George Wright Golf Course
Massachusetts, United States of America
Tenth hole, 460 yards; While the layout occupies an ample 145 acres, Ross didn’t have gobs of extra room with which to work but the varied shot requirements that his usual clever routing yields are evident in spades on the second nine. Nine and ten measure over 1,000 yards (!) and these back-to-back holes are the biggest two-shotters on the course. A dogleg left was placed here with a long downhill approach to an open green and is complemented by the sharply uphill tee ball at the dogleg right eleventh. These alternating requirements help explain the glowing affection this place engenders in people like Carlson.
Eleventh hole, 360 yards; This dogleg right folds neatly inside the elbow of the tenth and while considerably shorter still bristles with challenge. Like the sixth it is an example of a rugged hole that feels entirely natural even after tons of dynamite were used to lower the landform in the driving zone. The tee ball is well uphill but appears natural and not so excessive that it doesn’t constitute good golf. Ross never encountered granite in Pinehurst, so it’s clear that the three decades of experience that the Maestro gained in building courses in New England prior to George Wright came in handy.
Twelfth hole, 410 yards; A polarizing hole that some embrace for its edge-of-the-world playing attributes and others bemoan as unreasonably penal. There is no hint from the tee what lies ahead because a 35 degree embankment bisects the fairway creating a steep drop-off that has been maintained as rough since Ross’s day. All for good reason: it is well nigh impossible, not to mention impractical, to maintain it at fairway height. Do you try and blast beyond it off the tee – or lay back?
Fourteenth hole, 190 yards; Almost everyone familiar with the course singles out this one-shotter built on top of slabs of granite. Here the golfer experiences the only long green-to-tee walk on the course as he climbs a good forty feet from the thirteenth green. Unlike many modern courses where such extra effort to reach a tee isn’t a rewarding experience, it is here. A false front left and a green that sneaks right around the shoulder of a hill provide all sorts of interesting hole locations. Wider than it is deep, the green calls for one of the most accurate iron shots of the day. A decade ago, the green was a small oval and a boring target. Curtin is especially pleased with how they have recaptured the playing attributes of Ross’s greens across the course. He elaborates, ‘Our greens had shrunk to about 60% of their original size due to years of indifferent maintenance practices. I am very proud of being able to find the original rectangular shapes of our greens, and re-establishing the false fronts on most of our greens that is so typical Ross. This would not have been possible without the help of long time member, former club champ and all around terrific guy, the late Billy Mathews. He really showed me where the original footprints of all the greens were early post WWII. Billy was a living, breathing George Wright encyclopedia, and I leaned on him all the time.’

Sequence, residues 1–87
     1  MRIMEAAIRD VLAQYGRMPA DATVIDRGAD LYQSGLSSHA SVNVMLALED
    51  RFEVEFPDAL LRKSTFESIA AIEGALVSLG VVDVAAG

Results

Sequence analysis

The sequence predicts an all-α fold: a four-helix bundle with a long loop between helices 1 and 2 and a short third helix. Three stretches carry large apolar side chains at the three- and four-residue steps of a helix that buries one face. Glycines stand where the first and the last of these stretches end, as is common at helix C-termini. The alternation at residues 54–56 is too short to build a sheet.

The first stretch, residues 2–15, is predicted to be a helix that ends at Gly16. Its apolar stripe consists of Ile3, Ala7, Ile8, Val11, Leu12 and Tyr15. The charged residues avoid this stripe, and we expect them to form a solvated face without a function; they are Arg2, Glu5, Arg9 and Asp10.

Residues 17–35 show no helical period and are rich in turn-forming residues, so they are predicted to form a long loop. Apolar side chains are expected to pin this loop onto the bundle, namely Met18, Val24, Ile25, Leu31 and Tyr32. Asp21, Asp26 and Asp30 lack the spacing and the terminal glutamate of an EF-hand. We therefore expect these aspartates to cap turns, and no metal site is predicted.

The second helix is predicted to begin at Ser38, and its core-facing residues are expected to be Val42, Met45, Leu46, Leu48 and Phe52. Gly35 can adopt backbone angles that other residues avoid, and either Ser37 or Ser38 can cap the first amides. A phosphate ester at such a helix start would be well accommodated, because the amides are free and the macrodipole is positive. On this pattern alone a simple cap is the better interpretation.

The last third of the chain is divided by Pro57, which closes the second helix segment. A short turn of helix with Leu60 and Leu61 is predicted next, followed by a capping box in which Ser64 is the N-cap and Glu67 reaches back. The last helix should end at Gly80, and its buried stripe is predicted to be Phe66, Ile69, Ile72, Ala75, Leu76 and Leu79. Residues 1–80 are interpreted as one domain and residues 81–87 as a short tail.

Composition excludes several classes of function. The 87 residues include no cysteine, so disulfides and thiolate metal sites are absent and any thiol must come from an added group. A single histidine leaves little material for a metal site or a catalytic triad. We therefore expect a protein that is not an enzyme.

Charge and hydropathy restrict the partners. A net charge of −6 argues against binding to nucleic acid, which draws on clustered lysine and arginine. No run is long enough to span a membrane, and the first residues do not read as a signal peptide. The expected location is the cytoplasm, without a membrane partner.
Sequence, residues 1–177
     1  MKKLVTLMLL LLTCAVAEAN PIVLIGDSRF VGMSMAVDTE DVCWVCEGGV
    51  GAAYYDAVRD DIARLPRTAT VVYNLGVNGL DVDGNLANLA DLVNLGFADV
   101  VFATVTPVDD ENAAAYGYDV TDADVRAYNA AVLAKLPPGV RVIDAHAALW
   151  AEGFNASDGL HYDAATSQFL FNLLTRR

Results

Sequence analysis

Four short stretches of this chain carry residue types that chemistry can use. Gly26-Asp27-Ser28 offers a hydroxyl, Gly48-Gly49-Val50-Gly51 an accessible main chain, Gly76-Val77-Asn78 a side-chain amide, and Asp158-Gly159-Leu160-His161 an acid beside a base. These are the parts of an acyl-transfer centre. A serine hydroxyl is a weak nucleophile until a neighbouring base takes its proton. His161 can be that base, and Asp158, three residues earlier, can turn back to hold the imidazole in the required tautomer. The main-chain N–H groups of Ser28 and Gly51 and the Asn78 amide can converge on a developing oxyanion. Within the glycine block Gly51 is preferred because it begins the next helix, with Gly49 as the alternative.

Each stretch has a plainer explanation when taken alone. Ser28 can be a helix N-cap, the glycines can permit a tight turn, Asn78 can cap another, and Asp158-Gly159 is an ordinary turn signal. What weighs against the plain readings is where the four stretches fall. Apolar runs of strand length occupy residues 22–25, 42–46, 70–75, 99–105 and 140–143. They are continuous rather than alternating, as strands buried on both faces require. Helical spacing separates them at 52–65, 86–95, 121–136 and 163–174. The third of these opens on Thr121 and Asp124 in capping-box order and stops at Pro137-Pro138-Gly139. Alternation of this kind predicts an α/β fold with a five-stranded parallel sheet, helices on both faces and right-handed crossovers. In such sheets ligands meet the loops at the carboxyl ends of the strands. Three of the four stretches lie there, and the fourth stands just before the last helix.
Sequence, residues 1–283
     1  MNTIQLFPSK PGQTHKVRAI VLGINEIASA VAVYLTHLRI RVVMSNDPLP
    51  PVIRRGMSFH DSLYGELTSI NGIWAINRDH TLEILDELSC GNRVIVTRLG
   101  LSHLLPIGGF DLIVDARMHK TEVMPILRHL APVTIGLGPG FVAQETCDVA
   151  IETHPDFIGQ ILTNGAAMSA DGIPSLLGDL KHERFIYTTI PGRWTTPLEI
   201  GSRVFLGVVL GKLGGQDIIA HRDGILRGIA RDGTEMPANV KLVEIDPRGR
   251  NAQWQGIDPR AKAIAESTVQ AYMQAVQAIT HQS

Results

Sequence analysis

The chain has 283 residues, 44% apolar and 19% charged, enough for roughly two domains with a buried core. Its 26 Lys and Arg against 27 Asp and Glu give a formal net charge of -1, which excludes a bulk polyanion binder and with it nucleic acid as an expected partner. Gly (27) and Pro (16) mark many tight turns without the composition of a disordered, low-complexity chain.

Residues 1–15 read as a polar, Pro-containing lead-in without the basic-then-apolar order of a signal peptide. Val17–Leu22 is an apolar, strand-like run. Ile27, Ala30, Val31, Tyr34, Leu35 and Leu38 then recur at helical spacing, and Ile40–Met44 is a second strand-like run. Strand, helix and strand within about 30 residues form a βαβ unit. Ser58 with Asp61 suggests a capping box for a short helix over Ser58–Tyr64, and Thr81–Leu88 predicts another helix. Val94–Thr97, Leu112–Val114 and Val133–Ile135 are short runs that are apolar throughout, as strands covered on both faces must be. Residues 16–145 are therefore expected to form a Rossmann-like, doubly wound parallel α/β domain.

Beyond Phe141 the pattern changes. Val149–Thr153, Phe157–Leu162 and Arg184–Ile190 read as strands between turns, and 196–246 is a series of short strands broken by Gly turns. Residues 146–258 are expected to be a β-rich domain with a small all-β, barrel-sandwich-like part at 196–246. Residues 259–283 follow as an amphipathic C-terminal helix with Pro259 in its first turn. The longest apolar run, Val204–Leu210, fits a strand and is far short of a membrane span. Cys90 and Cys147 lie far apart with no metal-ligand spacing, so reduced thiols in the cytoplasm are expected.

Seventeenth hole, 170 yards; Most Ross courses had their genesis in the age of hickory golf. Not George Wright, steel shafted clubs had firmly taken center stage by the time the course was built. Additionally, the sand wedge had become standard armature while most hickory sets ended with a niblick (the equivalent of a nine iron). Aware of these evolutions, Ross adjusted his demands on the golfer and this exacting one-shotter is a prime example. Considering that the course was built for the public, the author doubts Ross would have required a such a long aerial approach over deep fronting bunkers in the hickory era. Another eight decades of equipment advancement has not diminished this penultimate hole’s charms and challenge.
Eighteenth hole, 380 yards; Given George Wright’s elaborate construction, comparison can be made to Seth Raynor building and dynamiting his way to glory at the Yale Golf Club. Such an analogy ends at the seventeenth where the holes proximal to the clubhouse, the first, ninth and eighteenth are on flatter portions of the property. The home hole isn’t savagely played up and over a mountain à la Yale but rather more gracefully on tamer terrain. Regardless, appreciation for these two master architects is enhanced by touring both courses. While they always got the most out of a site, when they weren’t blessed with natural features, they knew exactly what to do – and what not to do – to end up with creations that feel deeply rooted in nature.
There you have it! What a round, what a place. From Head Professional Scott Allen’s warm greeting to the amazing recovery that Len Curtin has achieved on a limited budget this place reeks of the spirit of another famous municipal course – The Old Course at St. Andrews. Everyone is welcome; it’s just that the golf is more affordable here! No better incubator for the game’s long term health exists than the municipal golf course. As such, the revival of Georg Wright is one of the game’s most compelling stories. Much can be gleaned from understanding this story as it serves as an enlightened path forward.
Accolades abound for George Wright, Ross and Hatch, Roosevelt’s wisdom, the City of Boston and some of its great mayors, and to no less a degree, Len Curtin. If you know someone who lives in Boston who doesn’t sing the praises of this course, then you know a fool, a snob or worse.